Can Congress Reject Electoral College Votes?


On December 14, electors from all 50 states placed their official votes for their states. On January 6, the vote count will be finalized, and election results will be certified.

But how does the vote cast look like now, and can Congress reject the Electoral College votes?

According to king5, com, the official process for electors casting their votes is as follows:

The state’s electors will meet on December 14, 2020, and send six copies of their votes to the President of the Senate, that state’s Secretary of State, the Archivist of the United States, and the federal judicial district the electors met. Congress will count the votes during a joint session on January 6, 2021.

Each governor has to send a certificate showing which slate of electors won the popular vote to the United States’ Archivist.

The governor will then deliver six identical certificates to the state’s electors. Then, electors will meet to vote for the president and vice president.

After they vote and sign each certificate, each state sends its six copies to various places: one to the President of the Senate, Mike Pence, two to the Secretary of State for that state, two to the Archivist of the United States, and one to the federal judge in the district where the electors met.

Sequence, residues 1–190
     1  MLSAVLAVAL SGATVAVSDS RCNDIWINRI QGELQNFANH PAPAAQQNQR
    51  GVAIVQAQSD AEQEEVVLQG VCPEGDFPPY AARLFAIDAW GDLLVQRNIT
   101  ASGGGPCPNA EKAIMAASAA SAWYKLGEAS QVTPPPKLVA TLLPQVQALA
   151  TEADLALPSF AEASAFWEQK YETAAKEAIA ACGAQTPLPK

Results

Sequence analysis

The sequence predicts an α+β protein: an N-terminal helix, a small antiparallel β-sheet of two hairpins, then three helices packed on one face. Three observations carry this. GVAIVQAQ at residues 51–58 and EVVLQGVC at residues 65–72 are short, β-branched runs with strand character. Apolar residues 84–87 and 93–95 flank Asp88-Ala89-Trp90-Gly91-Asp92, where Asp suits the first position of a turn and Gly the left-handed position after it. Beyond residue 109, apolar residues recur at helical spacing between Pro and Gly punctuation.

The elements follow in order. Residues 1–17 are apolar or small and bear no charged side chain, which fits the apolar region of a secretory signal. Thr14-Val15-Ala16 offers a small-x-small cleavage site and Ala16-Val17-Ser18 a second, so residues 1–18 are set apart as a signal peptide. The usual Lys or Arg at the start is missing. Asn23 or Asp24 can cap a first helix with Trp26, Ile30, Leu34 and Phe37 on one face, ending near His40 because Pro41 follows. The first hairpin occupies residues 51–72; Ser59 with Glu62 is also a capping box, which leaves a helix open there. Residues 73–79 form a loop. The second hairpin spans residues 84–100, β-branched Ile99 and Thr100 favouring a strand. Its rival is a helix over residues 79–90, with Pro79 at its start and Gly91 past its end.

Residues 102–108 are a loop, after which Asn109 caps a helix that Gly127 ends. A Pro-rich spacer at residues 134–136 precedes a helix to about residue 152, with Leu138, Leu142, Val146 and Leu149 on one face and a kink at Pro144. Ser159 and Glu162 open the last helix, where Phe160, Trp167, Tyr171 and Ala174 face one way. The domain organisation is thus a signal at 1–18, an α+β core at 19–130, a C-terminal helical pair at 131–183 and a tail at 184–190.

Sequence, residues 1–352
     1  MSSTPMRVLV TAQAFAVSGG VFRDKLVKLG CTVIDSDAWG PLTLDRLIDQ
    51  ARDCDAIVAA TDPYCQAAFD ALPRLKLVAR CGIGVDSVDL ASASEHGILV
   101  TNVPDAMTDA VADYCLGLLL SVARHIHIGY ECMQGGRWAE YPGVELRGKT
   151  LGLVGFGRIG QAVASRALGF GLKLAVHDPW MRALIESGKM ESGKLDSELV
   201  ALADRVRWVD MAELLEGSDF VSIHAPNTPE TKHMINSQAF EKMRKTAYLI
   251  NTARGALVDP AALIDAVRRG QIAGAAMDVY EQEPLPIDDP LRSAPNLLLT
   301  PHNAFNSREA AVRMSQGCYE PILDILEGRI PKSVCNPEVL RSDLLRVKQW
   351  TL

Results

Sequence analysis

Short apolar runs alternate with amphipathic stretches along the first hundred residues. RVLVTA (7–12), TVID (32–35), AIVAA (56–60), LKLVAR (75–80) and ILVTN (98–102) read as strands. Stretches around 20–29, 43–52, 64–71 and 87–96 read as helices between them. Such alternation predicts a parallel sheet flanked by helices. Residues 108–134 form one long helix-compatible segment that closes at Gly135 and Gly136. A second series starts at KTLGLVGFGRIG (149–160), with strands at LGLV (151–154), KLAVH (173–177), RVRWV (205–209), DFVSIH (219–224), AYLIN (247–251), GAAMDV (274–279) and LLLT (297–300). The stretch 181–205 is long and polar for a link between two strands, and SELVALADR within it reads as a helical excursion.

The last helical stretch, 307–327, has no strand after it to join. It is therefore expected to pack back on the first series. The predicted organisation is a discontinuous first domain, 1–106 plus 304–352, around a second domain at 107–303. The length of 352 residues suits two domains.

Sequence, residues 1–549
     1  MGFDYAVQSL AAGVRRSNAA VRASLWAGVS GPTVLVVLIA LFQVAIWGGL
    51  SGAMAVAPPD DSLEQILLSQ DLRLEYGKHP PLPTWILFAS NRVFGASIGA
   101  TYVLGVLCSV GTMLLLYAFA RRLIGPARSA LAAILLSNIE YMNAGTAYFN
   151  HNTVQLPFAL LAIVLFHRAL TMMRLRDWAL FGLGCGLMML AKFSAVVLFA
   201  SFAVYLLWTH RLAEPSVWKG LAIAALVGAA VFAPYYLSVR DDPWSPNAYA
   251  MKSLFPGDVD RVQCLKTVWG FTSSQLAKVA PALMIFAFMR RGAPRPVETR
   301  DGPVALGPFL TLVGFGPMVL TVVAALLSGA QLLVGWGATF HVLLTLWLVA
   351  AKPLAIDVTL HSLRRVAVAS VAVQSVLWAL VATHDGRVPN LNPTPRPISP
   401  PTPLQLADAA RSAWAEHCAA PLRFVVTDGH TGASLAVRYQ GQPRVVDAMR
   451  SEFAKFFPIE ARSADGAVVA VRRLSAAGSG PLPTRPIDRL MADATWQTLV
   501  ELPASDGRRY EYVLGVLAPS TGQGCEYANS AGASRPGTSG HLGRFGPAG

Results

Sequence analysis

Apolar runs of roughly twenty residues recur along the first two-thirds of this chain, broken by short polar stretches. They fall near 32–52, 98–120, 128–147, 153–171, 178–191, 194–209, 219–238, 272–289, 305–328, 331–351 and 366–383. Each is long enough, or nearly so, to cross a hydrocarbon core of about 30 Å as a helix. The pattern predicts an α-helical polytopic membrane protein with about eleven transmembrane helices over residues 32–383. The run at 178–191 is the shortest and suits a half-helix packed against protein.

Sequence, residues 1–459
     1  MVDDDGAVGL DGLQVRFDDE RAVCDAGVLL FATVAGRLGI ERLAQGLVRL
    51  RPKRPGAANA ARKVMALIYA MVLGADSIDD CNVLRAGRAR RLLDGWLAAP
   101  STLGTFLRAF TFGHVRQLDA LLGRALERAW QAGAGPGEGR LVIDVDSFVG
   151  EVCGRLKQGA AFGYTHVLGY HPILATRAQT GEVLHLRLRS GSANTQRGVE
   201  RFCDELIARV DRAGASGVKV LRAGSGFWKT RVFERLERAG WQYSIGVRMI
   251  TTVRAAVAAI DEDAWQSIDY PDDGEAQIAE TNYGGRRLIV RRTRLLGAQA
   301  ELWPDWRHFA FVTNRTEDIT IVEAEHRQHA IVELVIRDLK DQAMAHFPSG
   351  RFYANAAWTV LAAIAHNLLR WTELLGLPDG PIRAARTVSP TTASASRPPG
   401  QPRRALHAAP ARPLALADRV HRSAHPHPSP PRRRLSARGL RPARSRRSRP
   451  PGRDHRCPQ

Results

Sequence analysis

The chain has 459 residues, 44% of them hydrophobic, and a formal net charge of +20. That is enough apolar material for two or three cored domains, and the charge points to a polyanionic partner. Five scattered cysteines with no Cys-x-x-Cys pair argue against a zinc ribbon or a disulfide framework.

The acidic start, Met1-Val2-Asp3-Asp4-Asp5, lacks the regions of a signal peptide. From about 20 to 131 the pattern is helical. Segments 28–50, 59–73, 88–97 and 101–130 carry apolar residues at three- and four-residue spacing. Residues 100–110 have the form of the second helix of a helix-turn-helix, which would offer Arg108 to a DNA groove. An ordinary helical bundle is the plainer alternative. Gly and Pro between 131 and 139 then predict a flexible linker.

The first day of the newly elected Congress is set to be on January 3, 2021.

On January 6, 2021, at 1:00 pm, Congress will read the results out loud and count them up in a joint session.

After all the results have been read aloud, the President of the Senate, Mike Pence, will announce whether any candidates received the majority vote.

The US code allows Congress to object to the electoral votes. However, the objection needs to be done in writing and signed by at least one Senator and one Representative.

If Congress disapproves of the Electoral College results, the presidency will then be decided in the House of Representatives, with each state delegate getting one vote. Meanwhile, the vice president will be determined in the Senate.

“There isn’t a ton of guidance about… what does and doesn’t count as an objection,” Mulji said. “Because these are internal rules of Congress, it’s up to the houses of Congress to decide whether the objections are valid.”

After an objection has been formally made, the two houses will hold separate votes on whether to accept or reject the result. If there’s a split decision — meaning the House voted one way and the Senate voted the other — the objection will fail, and the votes will be counted as originally cast.

After that, the typical electoral count continues. If a candidate manages to receive a majority of votes at 270, they will officially win.

If no candidate receives a majority during the Electoral College meeting, the vote goes to the House of Representatives, with each state getting one vote.